8. Ferris Bueller’s Day Off (1986)
I was much too young to see this movie when it was released, but when I finally did see it at some point in my teenage years, I instantly understood its lasting appeal. Although I was probably much more like Cameron as a high school student, Ferris set the gold standard for “I wish I could do that!” as a kid. From the joyride in Cameron’s old man’s Ferrari to his suave demeanor with Sloane Peterson, Ferris is the coolest. As he says, “Life moves pretty fast. If you don’t stop and look around once in a while, you could miss it.”
7. The Wedding Singer (1998)
I’ve already professed my love for 90s Adam Sandler, but is there a better woman in the romantic comedy lead role than Drew Barrymore? She has the cute girl-next-door role down pat, and her performance here as the would-be Mrs. Julia Gulia is arguably her at her most charming. The Wedding Singer is set in the 1980s, which makes for some fantastic fashion choices as well as a killer soundtrack—and that’s not even including the wedding singer performances by Robbie Hart (Sandler) and his competitors. Also, George is a scene stealer throughout the movie.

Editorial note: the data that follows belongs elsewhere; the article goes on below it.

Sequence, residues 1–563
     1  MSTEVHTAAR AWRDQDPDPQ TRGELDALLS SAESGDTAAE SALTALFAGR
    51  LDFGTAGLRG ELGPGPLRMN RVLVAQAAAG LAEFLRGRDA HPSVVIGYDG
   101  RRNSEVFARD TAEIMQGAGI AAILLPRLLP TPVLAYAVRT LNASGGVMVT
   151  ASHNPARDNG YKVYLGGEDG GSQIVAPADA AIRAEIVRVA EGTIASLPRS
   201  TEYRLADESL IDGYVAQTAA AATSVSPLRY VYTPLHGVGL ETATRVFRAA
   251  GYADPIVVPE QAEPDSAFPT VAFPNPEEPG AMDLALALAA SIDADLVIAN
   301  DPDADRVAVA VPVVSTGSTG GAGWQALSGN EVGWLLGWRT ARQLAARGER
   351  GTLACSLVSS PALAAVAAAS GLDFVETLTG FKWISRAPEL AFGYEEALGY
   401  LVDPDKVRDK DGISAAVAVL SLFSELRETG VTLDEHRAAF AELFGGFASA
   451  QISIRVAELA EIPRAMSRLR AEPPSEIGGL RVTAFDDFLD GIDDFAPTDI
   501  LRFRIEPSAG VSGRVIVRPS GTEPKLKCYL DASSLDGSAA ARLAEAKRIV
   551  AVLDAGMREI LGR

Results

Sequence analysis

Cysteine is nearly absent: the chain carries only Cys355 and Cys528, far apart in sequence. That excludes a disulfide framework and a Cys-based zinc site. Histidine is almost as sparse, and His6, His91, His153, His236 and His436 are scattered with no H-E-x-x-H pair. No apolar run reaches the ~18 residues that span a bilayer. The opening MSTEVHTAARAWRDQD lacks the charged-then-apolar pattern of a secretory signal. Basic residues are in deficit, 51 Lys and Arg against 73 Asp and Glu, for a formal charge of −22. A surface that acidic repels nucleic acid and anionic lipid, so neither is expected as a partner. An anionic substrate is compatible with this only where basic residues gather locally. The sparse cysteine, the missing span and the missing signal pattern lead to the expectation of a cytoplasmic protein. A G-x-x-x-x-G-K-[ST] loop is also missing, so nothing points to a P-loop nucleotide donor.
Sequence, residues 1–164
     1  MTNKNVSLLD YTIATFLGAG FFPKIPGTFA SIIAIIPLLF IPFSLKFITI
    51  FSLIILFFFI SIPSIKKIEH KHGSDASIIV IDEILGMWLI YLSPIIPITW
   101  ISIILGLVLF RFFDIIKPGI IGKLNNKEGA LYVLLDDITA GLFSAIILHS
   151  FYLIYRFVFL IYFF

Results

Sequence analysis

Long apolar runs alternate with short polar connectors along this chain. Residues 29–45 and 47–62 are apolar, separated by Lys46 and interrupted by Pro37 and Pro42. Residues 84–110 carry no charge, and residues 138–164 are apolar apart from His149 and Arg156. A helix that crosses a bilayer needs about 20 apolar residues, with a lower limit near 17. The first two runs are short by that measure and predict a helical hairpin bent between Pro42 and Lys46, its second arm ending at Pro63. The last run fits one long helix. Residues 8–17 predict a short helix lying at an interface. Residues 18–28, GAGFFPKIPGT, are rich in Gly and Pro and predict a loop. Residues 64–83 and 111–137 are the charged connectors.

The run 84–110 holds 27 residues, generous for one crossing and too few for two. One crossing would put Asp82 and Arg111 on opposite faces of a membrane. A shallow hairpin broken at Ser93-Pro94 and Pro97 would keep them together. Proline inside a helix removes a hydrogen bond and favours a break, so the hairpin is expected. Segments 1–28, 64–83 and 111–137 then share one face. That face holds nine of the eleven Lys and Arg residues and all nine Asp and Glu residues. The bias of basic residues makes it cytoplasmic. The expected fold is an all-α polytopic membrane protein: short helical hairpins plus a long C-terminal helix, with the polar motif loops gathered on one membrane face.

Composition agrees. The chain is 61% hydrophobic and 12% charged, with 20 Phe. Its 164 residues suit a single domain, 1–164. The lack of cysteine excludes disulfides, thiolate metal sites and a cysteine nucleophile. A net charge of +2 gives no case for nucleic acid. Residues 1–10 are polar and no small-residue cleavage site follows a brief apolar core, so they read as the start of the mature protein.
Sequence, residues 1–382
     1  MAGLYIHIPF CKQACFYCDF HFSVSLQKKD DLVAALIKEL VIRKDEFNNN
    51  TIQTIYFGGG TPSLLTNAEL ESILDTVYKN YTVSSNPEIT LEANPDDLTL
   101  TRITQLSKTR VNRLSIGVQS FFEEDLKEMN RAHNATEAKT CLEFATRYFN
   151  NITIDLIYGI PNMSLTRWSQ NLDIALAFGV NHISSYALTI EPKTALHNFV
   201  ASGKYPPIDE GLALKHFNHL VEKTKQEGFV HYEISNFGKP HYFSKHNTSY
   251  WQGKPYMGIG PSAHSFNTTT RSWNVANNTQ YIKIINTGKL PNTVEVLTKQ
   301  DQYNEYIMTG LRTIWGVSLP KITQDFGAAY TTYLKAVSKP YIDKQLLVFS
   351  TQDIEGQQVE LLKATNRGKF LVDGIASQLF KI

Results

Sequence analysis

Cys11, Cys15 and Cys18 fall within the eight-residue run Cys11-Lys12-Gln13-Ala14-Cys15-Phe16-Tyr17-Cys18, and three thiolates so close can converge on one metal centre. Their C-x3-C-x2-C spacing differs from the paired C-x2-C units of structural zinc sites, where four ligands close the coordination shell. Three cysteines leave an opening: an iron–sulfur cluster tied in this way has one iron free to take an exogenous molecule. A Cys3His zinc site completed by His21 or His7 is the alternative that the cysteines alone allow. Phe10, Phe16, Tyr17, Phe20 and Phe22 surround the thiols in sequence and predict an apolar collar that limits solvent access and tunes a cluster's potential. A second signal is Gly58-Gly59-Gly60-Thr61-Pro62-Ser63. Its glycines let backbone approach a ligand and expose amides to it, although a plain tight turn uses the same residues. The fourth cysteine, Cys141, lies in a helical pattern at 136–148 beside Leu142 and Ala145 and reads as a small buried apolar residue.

6. Dumb & Dumber (1994)
A lot of Jim Carrey films would have made my honorable mentions list, but none of them compares to the comedy classic Dumb & Dumber. The sequels are meh. The original is untouchable. Lloyd Christmas (Carrey) and Harry Dunne (Jeff Daniels) turn dumbness into an art form. It’s one of the most rewatchable movies. There are no wasted scenes, and the laughs just keep coming. There are too many quotable moments to pick from to claim a favorite, but I’ll include this one, which I often quote in my regular life: “Just when I thought you couldn’t possibly be any dumber, you go and do something like this… and totally redeem yourself!” OK, one more: “So you’re telling me there’s a chance. YEAH!”
5. Finding Forrester (2000)